Home > Research > Publications & Outputs > A novel fluorescent tracer for real-time tracin...

Electronic data

  • Novel fluorescent tracer Hardy 2016

    Rights statement: © 2016 The Authors. Published by Elsevier B.V. This is an open access article under the CC BY license (http://creativecommons.org/licenses/by/4.0/).

    Accepted author manuscript, 1 MB, PDF-document

    Available under license: CC BY-NC-ND: Creative Commons Attribution-NonCommercial-NoDerivatives 4.0 International License

  • 1-s2.0-S034181621630056X-main

    Rights statement: © 2016 The Authors. Published by Elsevier B.V. This is an open access article under the CC BY license (http://creativecommons.org/licenses/by/4.0/).

    Final published version, 1 MB, PDF-document

    Available under license: CC BY: Creative Commons Attribution 4.0 International License

Links

Text available via DOI:

View graph of relations

A novel fluorescent tracer for real-time tracing of clay transport over soil surfaces

Research output: Contribution to journalJournal article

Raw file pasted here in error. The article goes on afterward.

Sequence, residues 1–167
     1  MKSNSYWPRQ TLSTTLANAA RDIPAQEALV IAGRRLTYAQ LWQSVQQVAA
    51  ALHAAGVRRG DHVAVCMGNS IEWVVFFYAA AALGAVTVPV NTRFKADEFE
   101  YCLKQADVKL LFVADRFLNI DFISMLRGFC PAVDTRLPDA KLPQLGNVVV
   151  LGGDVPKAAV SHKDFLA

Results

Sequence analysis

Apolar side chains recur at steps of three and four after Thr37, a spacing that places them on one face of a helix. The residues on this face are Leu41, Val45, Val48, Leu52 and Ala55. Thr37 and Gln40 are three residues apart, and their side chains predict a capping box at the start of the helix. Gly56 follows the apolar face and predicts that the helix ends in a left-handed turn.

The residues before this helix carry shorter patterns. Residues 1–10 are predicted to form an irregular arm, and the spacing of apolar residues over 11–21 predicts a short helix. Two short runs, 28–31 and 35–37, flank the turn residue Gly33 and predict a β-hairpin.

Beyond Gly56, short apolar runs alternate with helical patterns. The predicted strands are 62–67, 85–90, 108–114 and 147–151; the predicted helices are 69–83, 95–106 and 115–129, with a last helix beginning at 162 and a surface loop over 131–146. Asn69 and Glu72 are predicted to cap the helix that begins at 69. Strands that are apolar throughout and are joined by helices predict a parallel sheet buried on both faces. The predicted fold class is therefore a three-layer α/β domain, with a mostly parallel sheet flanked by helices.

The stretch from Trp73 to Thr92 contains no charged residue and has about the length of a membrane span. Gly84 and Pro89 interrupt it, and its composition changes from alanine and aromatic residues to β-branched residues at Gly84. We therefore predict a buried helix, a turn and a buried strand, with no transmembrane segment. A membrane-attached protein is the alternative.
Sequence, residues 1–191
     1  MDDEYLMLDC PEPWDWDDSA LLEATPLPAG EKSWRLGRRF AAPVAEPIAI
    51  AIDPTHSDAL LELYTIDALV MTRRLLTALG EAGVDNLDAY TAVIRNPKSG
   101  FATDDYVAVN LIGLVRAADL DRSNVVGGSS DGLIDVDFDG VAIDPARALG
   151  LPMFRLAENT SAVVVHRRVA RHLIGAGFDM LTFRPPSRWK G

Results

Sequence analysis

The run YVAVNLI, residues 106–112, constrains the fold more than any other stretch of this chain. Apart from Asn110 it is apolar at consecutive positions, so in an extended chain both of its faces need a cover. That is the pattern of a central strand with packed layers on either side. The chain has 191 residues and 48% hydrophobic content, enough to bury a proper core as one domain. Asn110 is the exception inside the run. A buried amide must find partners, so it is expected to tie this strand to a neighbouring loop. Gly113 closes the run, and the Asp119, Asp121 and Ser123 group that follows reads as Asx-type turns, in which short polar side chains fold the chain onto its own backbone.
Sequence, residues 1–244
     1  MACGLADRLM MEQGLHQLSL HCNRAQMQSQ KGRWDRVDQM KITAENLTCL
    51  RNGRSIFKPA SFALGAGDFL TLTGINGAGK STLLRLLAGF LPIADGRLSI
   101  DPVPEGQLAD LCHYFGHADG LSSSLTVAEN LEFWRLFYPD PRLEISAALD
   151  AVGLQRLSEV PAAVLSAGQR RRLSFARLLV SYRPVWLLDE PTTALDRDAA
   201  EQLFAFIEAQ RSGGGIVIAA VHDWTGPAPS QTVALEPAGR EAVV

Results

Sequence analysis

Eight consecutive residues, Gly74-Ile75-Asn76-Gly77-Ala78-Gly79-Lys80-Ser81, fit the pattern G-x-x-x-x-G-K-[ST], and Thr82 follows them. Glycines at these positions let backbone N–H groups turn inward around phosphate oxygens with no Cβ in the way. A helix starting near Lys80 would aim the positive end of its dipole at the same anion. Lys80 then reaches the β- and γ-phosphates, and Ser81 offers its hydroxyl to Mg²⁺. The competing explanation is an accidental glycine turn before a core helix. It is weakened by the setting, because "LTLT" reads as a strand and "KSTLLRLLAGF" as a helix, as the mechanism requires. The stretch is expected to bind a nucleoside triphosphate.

Published
<mark>Journal publication date</mark>06/2016
<mark>Journal</mark>CATENA
Volume141
Number of pages7
Pages (from-to)39-45
<mark>State</mark>Published
Early online date27/02/16
<mark>Original language</mark>English

Abstract

Clay is an important vector for the transport of pollutants in the environment, including nutrients, pesticides and metals; therefore, the fate of many chemicals in soil systems is closely linked to that of clay. Understanding the mechanisms responsible for clay transport has been hampered by the lack of a suitable tracer. Producing a tracer that accurately mimics clay transport is challenging, due to the small size of the particles and their unique physical properties. Here we describe the design and synthesis of a tracer using natural clay particles as a foundation, exploiting the natural ability of clay to sorb molecules to coat the clay with a thin layer of fluorophore. Application of the tracer has been demonstrated through the collection of real-time images of the tracer moving over the surface of a soil box during a rainfall event. These images allow, for the first time, clay to be tracked spatially and temporally without need to remove soil for analysis, thus resulting in minimal experimental artefacts. Custom written software has been used to extract high resolution data describing tracer movement and extent throughout the experiment.

Bibliographic note

© 2016 The Authors. Published by Elsevier B.V. This is an open access article under the CC BY license (http://creativecommons.org/licenses/by/4.0/).